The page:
Here are two book reviews posted on the Internet by people other than me. They review a newish book that has gone on my wish list for Christmas:
The Book of Mammon: A Book About A Book About The Corporation That Owns The Mormons
by Daymon M Smith
So, the book is an accidental satire? Sort of. It poses practical and metaphysical conundrums, meditates on the moral dilemmas avoided, embraced, and stumbled upon, when God and Mammon are made to synergize. A compelling, light-hearted but serious memoir, fictional ethnography, and, yes, even apocalypse, this book crosses genres, fact, fancy, and everything between.
With this key it opens the doors to Mormon corporate offices, the most secret of spaces, and invites you inside. Come. See the author "work" as a media evaluator with the Mormon Church's corporate arm. At the Church Office Building (it's actual name) spiritual ambitions speak through quarterly evaluations, mission statements, digital personas, and website designs. Look! There is no conspiracy, although as at any office, there's lots of unintentionally humorous, fatuous banality. Here employees chant "cultural beliefs" composed by Human Resources and test whether a new DVD hits your "spiritual hot buttons." See us market food storage to religious consumers. Read a stack of documents never before published which declare and depict the "best practices" of the corporation, from smuggling underwear into banana republics to marketing strategies for the Book of Mormon. The author, a cultural anthropologist, provides insight into a place where men argue about DVD scripts and the color of book bindings, while children starve. Woven through his constant surprise at encountering religion fed through the pomposities of corporate-speak, you'll find revelations of the financial "waste" and this-world investment strategies of this wealthiest of religions. And understand the internal power struggles and culture of the same. See corporatized religion battle spirituality, art, welfare and people. Come with me and have a look around. (This text refers to the New Faith-Promoting Book of Mammon.)
I just added a new book to my wish list: The Book of Mammon by Daymon Smith, an LDS anthropologist. Smith recounts his experiences working at the Church Office Building where religious concerns are uncomfortably wedded to corporate ones. As a Mormon, he is concerned that his church is increasingly led more by profit (mammon) than a prophet.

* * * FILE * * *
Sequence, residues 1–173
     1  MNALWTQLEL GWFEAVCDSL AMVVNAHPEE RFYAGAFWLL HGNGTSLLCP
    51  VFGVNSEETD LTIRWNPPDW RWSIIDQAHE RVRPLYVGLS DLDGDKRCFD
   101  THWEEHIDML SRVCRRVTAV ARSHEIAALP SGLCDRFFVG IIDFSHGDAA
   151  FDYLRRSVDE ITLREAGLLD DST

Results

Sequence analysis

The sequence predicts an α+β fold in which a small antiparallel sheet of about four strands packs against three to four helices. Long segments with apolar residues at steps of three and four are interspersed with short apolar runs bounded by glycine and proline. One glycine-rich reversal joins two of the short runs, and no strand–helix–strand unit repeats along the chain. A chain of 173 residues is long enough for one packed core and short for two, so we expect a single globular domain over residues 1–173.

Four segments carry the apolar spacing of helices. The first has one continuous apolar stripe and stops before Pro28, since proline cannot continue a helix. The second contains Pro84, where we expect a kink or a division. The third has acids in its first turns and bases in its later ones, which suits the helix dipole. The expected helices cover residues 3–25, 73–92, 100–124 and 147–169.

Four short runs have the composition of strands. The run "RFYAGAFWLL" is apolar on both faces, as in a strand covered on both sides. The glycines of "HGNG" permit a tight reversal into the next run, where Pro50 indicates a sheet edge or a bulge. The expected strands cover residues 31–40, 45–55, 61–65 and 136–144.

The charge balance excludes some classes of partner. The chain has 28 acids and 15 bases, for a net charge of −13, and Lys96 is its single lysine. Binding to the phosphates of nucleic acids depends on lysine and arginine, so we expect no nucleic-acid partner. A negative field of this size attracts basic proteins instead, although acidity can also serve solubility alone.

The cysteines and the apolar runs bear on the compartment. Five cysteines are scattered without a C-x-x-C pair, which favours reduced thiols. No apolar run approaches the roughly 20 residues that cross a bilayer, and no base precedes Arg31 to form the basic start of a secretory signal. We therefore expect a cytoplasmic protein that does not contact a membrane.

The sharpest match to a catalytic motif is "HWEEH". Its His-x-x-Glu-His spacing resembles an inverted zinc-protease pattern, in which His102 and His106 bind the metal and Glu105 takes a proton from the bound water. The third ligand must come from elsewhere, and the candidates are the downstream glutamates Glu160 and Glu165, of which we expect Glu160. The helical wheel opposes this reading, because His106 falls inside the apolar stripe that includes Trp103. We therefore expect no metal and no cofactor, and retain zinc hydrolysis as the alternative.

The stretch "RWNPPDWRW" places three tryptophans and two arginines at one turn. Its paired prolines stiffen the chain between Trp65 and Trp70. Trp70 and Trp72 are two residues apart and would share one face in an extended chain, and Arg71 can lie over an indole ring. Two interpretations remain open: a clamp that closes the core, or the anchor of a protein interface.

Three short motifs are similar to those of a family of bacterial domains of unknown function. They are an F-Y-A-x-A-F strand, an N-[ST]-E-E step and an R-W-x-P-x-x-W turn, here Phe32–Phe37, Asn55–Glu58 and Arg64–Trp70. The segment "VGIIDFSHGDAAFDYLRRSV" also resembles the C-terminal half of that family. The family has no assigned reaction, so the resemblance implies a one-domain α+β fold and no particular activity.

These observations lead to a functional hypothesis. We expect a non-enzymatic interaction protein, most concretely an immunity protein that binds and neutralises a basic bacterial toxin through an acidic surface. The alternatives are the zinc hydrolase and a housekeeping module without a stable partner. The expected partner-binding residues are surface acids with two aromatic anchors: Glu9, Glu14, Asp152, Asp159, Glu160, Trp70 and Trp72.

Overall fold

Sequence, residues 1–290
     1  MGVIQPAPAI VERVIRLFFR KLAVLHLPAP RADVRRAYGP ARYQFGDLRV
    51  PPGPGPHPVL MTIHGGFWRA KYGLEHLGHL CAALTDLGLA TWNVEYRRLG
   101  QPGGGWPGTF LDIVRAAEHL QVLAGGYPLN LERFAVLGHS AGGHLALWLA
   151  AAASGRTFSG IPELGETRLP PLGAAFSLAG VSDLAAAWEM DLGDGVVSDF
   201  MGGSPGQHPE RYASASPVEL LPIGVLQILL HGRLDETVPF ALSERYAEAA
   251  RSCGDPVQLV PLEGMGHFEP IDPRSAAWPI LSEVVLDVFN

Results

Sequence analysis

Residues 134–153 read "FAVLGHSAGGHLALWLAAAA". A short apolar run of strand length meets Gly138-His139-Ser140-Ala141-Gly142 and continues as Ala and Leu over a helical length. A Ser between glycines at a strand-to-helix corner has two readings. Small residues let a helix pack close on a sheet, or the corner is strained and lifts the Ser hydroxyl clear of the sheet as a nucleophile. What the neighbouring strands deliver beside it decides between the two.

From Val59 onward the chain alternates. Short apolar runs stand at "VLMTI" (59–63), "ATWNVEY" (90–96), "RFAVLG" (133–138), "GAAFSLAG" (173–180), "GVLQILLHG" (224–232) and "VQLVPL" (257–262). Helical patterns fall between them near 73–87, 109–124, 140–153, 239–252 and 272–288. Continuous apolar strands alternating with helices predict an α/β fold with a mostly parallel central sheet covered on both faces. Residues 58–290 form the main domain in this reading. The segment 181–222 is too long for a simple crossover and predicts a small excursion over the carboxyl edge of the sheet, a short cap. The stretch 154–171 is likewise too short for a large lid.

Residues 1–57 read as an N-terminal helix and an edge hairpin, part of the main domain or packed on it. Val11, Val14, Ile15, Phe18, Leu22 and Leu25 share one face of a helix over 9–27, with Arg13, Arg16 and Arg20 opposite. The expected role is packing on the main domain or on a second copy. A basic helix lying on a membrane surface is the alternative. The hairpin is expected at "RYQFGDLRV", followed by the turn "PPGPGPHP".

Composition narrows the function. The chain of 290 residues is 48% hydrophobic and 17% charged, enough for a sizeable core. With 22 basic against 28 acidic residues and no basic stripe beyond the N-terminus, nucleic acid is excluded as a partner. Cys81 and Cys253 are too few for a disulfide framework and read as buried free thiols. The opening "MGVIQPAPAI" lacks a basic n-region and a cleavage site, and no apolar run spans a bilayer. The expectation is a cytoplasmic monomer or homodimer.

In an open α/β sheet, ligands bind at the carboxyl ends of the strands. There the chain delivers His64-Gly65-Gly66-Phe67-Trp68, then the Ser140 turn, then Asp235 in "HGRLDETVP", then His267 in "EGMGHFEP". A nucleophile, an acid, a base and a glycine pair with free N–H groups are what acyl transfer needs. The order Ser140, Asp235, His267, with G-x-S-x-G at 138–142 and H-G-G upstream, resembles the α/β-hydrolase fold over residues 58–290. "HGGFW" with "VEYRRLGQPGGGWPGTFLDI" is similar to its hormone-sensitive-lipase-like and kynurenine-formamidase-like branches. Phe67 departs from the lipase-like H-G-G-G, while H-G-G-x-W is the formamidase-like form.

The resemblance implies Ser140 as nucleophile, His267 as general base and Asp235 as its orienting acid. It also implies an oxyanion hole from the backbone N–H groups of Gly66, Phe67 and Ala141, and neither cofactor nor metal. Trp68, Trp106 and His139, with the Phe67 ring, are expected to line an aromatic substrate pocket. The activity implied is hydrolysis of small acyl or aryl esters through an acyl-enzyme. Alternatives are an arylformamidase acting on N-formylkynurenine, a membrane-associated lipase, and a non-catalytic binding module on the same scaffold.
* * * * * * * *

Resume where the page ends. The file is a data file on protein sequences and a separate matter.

The Book of Mammon reads like an entertaining and informative exposé of the LDS Church’s corporate practices, from the banal to the unusual. It has been receiving rave reviews. C. L. Hanson over at Letters from a broad wrote a review of the book that has further piqued my interest. Informed by the book, she points out an insightful irony:
According to Daymon’s tale, working at the COB has all of the crazy office politics you’d expect at an ordinary fortune-500 corporation. There’s a big difference, though, and it’s not just the church devotionals on company time or opening meetings with prayer. The problem is that they have absolutely no motivation to figure out whether their products are useful to their consumers. Mormons pay 10% of their income per year to the corporation (in order to be eligible for the saving ordinances in the temple), and the corporation gives back manuals, magazines, films, scriptures, garments, etc. — but the direct market feedback that comes from consumers selecting the goods they purchase is completely cut off.
As I’ve said before the private sector and the public sector each have their strengths and weaknesses. In economics, it’s not a question of choosing which one is “right” and which one is “wrong” — it’s a question of optimizing your strategy by using the best of both. The COB has the worst of both because it has the advantages of neither: there’s no market incentive to produce good products, and there’s no public oversight either.
(The biggest irony is how ferociously right-wing the Mormons are, yet they give so much money to a corporation that functions just like the very worst stereotypes of the Soviet government economic system.)